In the majority of cosmetic surgery procedures, you see the final result in about three or four months. This is because it takes time for swelling to go down and the tissues to respond to the stresses that have been applied to them from the surgical procedure. With chin implant surgery, there is also the amount of time it takes for the implant to relax into position, which includes some settling into the bone.
Initially after a chin augmentation, there is a certain degree of swelling simply from the trauma of the surgery. There is typically more swelling in cases where there is more bleeding after surgery as evidenced by bruising in the area. In most cases, the majority of that swelling goes down within a couple of weeks and at that time you start to get a good idea as to what the final result will look like. However, slight changes will still continue to occur.
Pressure from the implant will cause the overlying soft tissue to thin out, which takes several weeks to occur. This pressure from the implant also affects the underlying bone and this happens more with silastic implants than it does with porous implants. The implant will settle into the bone two to three millimeters until it reaches its final resting position. This not only reduces some of the projection of the implant but also helps hold it into position. It takes several months for this to occur and once this has happened, you see the final result of a chin implant.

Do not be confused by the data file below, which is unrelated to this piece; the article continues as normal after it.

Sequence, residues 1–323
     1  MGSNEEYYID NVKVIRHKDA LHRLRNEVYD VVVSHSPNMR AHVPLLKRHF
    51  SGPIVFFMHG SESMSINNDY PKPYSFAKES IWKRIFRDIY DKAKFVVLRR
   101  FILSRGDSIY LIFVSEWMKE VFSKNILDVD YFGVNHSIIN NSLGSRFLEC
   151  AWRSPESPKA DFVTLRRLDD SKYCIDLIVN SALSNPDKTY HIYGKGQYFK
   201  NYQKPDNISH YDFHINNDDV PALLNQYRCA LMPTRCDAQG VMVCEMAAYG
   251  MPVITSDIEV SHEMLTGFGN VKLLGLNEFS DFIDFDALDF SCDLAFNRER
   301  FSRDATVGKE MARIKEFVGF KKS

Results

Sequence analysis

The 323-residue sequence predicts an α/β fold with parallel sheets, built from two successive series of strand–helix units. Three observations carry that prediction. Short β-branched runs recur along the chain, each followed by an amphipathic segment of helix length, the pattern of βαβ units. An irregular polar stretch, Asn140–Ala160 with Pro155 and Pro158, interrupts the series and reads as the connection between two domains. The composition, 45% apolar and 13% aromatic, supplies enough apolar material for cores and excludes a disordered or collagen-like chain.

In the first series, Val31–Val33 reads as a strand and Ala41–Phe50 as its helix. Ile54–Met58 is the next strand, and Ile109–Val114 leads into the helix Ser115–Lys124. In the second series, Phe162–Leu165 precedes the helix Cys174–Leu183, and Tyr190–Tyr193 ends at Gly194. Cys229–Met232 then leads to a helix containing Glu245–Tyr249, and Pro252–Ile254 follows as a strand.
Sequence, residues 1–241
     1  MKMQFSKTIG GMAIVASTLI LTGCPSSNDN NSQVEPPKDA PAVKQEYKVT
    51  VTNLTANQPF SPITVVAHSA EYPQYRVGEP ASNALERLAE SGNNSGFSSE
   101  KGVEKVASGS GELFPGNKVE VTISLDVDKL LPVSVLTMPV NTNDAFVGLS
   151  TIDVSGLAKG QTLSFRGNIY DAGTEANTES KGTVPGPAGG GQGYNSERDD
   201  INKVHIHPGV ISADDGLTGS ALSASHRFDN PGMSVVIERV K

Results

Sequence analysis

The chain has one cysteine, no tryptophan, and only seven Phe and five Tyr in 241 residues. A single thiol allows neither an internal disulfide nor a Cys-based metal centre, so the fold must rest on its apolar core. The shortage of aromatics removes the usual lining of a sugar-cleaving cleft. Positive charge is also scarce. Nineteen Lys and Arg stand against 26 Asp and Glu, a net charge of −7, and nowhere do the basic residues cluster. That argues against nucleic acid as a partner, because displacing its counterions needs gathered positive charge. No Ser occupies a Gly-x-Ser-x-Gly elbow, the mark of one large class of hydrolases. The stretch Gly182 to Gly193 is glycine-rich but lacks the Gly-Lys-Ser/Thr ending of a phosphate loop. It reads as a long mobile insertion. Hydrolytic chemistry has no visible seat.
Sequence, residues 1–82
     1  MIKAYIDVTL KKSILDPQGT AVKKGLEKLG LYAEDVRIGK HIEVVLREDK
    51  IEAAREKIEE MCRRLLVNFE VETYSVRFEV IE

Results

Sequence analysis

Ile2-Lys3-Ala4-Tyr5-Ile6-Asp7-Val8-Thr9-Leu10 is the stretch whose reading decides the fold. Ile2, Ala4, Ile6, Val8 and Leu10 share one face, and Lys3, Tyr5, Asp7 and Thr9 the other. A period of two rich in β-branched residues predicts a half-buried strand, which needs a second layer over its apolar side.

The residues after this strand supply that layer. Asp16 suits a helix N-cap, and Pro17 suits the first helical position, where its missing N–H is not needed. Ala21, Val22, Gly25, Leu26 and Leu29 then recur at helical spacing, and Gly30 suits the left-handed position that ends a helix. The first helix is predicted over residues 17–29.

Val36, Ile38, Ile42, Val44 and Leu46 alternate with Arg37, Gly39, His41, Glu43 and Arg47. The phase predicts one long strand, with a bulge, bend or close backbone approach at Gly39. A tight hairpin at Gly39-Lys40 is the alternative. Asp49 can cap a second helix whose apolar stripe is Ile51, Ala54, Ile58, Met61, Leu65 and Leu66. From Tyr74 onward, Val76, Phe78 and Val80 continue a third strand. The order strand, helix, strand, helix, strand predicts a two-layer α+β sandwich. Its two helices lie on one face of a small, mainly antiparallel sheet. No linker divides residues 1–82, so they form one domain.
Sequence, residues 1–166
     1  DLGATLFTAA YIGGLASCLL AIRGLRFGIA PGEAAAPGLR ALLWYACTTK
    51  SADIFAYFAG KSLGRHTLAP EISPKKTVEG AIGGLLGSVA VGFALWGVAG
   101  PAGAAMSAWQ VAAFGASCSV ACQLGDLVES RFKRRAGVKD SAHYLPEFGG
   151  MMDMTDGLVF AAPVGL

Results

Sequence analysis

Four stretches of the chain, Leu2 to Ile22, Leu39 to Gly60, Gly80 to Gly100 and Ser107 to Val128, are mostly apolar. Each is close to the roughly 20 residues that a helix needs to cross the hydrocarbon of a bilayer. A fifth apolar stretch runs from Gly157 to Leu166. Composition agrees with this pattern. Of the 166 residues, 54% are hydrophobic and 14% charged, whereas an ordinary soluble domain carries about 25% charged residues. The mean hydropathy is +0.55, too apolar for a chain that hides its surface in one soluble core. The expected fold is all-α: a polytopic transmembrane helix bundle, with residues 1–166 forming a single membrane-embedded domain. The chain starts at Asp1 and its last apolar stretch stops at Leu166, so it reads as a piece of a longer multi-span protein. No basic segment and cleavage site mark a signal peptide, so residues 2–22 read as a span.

During this healing process, it is important to avoid any significant trauma to the chin that could affect the position of the implant. This includes participating is certain contact sports such as basketball or football for two to three months after surgery. In general, the implant is relatively within a few weeks of surgery and could tolerate minor trauma without moving out of position, but it takes a few months for it to be able to handle a more serious injury.
Fortunately, the incision for insertion of the implant is placed in an area that is not only difficult to see, but tends to heal with a relatively minimal scar. Although there may be some swelling in the area of the scar due to the trauma of the procedure, this tends to go down very quickly and is generally very visible after a couple of weeks.
Swelling of the chin, lower lip and the area in between us generally fairly minimal and not very noticeable except in patients who get larger implants or have more bleeding and bruising after surgery. Rare patients will have a combination of swelling and stiffness that will actually cause them to temporarily have a slight lisp or talk like they have some dip in their lower lip. As the swelling and the stiffness resolves the lip motion goes back to normal.